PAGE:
APG-L ArchivesArchiver > APG > 2006-02 > 1140456507
From: "Mills" <>
Subject: RE: [APG] Cite Your Sources!?
Date: Mon, 20 Feb 2006 11:28:52 -0600
>Amy, Gladys and Donald are right on the money.
All the discussion about whether a tombstone should be treated as "this" or
"that" illustrates exactly why genealogists now separate the SOURCE
(original or derivative), from the INFORMATION within the source
(primary=firsthand; secondary=secondhand). Original sources can have
secondhand information. Derivative sources can have firsthand information.
Any source could have both kinds of information even in the same sentence.
As for whether something is EVIDENCE, that depends upon what the research
question actually is. A source may give firsthand/primary information about
the person we are researching, but it may not be relevant to a particular
problem we're having with that person. If we decide the information *is*
relevant to the question, then it is evidence of some sort. If it directly
and explicitly answers the question, its direct evidence. If it's relevant
but doesn't answer the question outright--instead, it has to be combined
with information from other sources to construct an answer--then it's
Craig, with regard to your original question about various kinds of public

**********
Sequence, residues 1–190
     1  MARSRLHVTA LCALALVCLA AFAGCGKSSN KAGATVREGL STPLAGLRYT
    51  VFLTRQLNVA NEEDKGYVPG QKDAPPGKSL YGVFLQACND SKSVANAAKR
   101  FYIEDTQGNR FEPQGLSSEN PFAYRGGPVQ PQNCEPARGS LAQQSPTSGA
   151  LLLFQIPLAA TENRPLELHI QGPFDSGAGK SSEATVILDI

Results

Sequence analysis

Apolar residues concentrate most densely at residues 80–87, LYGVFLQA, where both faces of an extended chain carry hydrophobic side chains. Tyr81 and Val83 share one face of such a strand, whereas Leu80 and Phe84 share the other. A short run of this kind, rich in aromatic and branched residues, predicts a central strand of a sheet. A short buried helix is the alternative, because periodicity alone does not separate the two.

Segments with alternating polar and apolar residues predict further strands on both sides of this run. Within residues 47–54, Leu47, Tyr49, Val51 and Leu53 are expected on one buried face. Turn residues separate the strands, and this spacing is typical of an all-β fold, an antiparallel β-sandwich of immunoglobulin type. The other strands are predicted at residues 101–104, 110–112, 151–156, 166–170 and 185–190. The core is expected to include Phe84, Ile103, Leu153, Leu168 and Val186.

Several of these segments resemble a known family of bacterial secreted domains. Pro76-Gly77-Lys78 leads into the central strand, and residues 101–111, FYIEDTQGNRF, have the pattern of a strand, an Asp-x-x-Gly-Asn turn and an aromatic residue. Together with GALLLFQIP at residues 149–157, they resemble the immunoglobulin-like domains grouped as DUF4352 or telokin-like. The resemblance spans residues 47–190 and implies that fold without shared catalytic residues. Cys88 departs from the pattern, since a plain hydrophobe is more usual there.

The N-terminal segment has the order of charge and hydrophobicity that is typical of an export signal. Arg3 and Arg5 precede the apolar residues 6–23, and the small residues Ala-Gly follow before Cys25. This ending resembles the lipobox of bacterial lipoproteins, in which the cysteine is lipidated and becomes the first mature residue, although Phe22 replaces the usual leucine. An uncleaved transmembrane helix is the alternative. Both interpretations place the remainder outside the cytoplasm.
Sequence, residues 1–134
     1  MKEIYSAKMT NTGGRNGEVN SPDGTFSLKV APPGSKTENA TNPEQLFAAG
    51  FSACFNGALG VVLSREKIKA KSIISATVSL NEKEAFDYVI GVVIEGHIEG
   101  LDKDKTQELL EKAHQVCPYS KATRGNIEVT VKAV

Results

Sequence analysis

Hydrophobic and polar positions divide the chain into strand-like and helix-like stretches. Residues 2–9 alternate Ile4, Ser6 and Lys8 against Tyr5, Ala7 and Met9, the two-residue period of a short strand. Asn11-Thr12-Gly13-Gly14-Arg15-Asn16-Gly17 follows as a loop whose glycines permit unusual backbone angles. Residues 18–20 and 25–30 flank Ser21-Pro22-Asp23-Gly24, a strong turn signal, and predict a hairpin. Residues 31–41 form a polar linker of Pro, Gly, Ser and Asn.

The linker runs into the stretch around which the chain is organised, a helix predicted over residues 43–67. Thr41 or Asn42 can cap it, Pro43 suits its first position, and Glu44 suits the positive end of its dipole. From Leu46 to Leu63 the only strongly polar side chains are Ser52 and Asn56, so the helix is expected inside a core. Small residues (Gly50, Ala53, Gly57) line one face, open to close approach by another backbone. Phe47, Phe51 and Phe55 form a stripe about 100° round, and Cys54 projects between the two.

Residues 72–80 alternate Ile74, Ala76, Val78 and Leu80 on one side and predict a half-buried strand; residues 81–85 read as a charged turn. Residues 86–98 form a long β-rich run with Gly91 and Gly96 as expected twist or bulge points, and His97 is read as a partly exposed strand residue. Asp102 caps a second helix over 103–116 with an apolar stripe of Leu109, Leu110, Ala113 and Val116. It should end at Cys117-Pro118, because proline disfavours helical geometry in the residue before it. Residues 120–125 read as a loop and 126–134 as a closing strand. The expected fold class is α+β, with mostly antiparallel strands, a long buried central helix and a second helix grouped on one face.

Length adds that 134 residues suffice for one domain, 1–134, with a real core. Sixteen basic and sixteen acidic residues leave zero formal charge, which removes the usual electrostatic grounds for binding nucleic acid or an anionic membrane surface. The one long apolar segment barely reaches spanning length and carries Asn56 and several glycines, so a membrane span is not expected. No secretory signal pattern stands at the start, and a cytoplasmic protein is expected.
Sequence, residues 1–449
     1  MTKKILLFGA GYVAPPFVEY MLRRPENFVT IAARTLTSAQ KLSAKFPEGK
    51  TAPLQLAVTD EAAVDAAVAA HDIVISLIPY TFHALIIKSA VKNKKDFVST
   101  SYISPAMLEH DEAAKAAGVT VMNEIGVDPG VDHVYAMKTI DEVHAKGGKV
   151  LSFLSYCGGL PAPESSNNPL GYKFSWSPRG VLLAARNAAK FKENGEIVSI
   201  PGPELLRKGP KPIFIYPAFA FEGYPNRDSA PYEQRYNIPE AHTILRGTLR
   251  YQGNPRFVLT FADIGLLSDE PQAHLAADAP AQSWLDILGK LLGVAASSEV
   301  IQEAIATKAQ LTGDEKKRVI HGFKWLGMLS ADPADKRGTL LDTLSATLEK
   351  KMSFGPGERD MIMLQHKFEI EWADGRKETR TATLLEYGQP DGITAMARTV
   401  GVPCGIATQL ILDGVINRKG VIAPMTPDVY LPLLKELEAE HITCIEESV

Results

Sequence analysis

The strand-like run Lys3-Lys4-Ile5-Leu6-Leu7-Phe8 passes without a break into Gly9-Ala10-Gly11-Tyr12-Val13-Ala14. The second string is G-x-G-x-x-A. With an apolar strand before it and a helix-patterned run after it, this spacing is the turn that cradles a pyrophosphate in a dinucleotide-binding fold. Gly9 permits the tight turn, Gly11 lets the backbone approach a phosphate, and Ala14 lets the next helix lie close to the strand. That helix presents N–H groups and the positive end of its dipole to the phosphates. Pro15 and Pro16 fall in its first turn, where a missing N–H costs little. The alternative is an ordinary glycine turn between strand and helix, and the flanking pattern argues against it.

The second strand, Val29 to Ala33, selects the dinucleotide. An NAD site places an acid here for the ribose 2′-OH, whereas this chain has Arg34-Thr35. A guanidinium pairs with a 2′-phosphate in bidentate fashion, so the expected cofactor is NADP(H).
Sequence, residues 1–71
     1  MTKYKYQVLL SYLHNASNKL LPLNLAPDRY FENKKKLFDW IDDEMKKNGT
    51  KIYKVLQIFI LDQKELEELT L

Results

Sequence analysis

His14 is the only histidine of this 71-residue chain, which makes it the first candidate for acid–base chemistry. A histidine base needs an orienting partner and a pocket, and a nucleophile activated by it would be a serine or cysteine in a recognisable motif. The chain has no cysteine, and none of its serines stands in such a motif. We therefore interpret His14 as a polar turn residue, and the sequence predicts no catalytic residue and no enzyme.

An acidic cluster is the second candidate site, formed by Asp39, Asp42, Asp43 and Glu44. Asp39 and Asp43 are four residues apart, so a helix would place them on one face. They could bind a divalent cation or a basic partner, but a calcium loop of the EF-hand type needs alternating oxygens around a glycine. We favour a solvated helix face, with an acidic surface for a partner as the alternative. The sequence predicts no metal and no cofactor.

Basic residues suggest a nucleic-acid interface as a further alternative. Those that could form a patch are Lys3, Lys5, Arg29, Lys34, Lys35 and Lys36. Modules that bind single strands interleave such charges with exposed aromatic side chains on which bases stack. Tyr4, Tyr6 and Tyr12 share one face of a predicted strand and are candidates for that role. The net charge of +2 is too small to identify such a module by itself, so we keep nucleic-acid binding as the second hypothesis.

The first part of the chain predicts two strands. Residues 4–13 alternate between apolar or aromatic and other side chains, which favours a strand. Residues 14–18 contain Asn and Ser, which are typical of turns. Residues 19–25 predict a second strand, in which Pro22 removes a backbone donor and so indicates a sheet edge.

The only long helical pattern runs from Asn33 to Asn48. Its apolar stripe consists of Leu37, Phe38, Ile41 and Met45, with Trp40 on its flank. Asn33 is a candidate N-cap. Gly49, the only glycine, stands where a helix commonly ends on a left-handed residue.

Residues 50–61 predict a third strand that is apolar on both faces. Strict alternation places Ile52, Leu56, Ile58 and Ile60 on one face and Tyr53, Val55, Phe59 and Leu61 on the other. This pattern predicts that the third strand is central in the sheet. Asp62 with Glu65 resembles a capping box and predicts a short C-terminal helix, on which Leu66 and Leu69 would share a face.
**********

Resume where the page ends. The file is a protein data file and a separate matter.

records and how they should be evaluated, it might help you to get a copy of
the following syllabus material:
Helen F. M. Leary, Elizabeth Shown Mills, and Christine Rose, "Evidence
Analysis," in *Virginia: Where a Nation Began: Program Syllabus, 1999 NGS
Conference in the States, Richmond, Virginia* (Arlington: National
Genealogical Society, 1999), 41-48.
For this double-session that Helen, Chris and I gave jointly, we canvassed
all those who regularly lecture and write on the subject of genealogical
evidence, to arrive at a set of principles and definitions that were common
to the field. There you'll find guidelines for evaluating official copies,
duplicate originals, exact images, and other species in that can of worms
Elizabeth Shown Mills, CG, CGL, FASG
*Evidence: Citation & Analysis for the Family Historian*
*QuickSheet: Citing Online Historical Resources, Evidence! Style*
*Professional Genealogy: A Manual for Researchers,
Writers, Editors, Lecturers & Librarians*